As millions of Muslims celebrated Friday `Eid Al-Adha holiday, world leaders have shared warm messages with Muslims, wishing them a happy feast and recognizing contributions of the Muslims in their communities.
“Eid al-Adha is one of the most important Muslim holidays and a time to reflect on the lessons of sacrifice and the values of service, compassion, and charity,” Trudeau said in a video message posted on Twitter.
He recalled how this year’s `Eid is marked by the unprecedented COVID-19 pandemic.
“Whether it is supporting a local charity, being there for neighbors, or helping those who are more vulnerable, Muslim Canadians continue to show us what it means to serve our community.”
The Canadian Prime Minister also shared a video in which he assisted a Muslim family in making `Eid cards.
“Many Muslim families are celebrating `Eid Al-Adha differently this year. I joined the Chowdhury family this week to make some `Eid cards for their loved ones who they can’t be with right now because of COVID-19. I hope you too find new ways to celebrate this year. `Eid Mubarak!” he wrote on Twitter.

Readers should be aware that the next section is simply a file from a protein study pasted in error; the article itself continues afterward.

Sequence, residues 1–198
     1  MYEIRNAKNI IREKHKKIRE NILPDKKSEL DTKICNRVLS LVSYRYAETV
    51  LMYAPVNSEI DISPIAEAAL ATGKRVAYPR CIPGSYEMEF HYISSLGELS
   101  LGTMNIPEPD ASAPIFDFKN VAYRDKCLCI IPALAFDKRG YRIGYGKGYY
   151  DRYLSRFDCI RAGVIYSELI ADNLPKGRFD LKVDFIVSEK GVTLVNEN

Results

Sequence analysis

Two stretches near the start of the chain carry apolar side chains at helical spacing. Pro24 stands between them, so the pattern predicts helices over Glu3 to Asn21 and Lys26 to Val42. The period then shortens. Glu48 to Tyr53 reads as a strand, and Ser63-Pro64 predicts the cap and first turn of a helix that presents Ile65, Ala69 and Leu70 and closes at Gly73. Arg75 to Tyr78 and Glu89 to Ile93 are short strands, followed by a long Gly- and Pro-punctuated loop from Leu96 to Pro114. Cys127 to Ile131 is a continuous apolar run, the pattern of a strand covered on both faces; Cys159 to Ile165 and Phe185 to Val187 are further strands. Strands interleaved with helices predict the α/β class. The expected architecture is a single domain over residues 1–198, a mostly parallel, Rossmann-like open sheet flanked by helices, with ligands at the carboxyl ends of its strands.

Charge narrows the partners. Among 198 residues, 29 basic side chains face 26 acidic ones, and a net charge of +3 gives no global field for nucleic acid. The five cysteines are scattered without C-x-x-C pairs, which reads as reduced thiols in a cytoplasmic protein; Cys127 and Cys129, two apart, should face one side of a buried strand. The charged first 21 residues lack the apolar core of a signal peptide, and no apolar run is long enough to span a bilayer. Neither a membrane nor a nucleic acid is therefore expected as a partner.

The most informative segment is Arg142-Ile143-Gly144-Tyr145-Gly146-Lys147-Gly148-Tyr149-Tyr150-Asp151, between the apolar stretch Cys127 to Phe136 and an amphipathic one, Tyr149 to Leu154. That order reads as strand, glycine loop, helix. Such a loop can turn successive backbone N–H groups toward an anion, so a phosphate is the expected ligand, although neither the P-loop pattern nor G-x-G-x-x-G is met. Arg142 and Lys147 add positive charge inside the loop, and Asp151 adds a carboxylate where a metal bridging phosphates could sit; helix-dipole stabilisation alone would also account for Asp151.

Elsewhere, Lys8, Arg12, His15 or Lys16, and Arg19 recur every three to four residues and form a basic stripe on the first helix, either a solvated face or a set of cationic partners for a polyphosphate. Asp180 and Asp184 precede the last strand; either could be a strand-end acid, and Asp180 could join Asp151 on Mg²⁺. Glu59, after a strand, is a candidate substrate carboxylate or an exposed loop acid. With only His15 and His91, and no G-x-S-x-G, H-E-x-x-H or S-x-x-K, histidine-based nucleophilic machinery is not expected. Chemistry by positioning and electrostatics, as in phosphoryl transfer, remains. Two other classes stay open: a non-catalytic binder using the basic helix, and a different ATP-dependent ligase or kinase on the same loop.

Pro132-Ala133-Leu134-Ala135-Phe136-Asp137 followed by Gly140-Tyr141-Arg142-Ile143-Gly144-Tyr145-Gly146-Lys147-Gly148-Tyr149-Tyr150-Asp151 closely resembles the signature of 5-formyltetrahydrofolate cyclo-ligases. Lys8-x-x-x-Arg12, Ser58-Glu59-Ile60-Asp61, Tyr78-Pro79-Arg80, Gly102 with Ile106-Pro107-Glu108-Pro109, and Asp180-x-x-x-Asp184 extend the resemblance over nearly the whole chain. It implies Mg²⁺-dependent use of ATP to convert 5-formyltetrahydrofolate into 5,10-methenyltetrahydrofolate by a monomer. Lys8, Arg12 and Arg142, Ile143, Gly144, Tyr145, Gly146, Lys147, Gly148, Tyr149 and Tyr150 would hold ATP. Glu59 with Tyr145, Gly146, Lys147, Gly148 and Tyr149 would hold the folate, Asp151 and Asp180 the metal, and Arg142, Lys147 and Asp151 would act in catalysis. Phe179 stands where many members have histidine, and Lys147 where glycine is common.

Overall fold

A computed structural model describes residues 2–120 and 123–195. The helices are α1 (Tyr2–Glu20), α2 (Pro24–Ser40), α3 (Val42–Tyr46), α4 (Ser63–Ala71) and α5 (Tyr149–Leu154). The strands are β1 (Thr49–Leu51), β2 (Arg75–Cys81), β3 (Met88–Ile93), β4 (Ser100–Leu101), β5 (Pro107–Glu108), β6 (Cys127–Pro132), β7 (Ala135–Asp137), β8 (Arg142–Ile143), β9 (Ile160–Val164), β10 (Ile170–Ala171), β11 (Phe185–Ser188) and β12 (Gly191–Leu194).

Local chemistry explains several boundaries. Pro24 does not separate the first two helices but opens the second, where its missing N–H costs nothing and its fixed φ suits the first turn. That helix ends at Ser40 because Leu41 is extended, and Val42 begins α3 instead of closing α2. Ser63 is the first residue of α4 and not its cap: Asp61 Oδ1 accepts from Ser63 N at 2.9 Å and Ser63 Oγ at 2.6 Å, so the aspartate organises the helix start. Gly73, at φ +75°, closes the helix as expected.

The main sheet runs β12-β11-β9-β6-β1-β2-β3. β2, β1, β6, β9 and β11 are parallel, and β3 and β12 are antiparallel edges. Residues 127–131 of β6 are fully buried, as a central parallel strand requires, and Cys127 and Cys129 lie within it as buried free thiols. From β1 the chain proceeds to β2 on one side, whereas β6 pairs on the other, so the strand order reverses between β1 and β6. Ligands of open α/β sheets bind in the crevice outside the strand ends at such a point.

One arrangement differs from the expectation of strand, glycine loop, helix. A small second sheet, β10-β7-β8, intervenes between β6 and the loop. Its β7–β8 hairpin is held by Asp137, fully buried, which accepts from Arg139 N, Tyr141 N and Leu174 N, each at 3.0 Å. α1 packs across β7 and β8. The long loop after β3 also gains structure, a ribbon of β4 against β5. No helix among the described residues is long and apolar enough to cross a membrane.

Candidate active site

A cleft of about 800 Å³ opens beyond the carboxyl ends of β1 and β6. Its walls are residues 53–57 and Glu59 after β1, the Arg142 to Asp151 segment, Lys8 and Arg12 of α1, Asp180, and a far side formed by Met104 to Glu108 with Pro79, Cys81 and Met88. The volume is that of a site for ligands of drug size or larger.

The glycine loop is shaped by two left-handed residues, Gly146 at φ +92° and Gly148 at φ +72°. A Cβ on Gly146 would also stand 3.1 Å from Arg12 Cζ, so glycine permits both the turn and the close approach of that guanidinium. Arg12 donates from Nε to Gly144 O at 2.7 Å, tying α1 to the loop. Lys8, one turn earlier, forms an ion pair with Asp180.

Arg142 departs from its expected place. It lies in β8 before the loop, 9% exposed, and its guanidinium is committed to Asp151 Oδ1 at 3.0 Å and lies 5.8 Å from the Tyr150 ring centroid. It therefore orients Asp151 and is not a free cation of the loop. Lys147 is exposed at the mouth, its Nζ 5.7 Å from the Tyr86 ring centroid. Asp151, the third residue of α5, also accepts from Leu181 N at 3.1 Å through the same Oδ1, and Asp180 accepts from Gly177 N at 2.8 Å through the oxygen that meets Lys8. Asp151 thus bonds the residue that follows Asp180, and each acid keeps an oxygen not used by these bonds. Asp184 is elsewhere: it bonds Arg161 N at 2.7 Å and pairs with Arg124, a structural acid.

Greetings from the UK
British PM Boris Johnson also sent a message to Muslims on `Eid occasion.
“I want to wish Muslims here in the UK and around the world the very best for Eid al-Adha,” he wrote on Twitter.
Keir Starmer, leader of the Labour party and member of parliament for Holborn and St Pancras, also shared a message to congratulate Muslims on `Eid.
“As Muslims across the UK and world prepare to celebrate #EidAlAdha. I wish you #EidMubarak on behalf of everyone at the Labour Party,” he wrote on Twitter.
`Eid Al-Adha, or “Feast of Sacrifice”, is one of the two most important Islamic celebrations, together with `Eid Al-Fitr.
`Eid begins with special prayers to mark the day. Muslims then offer udhiyah, a ritual that commemorates the great act of sacrifice Prophet Ibrahim and his son Isma`eel.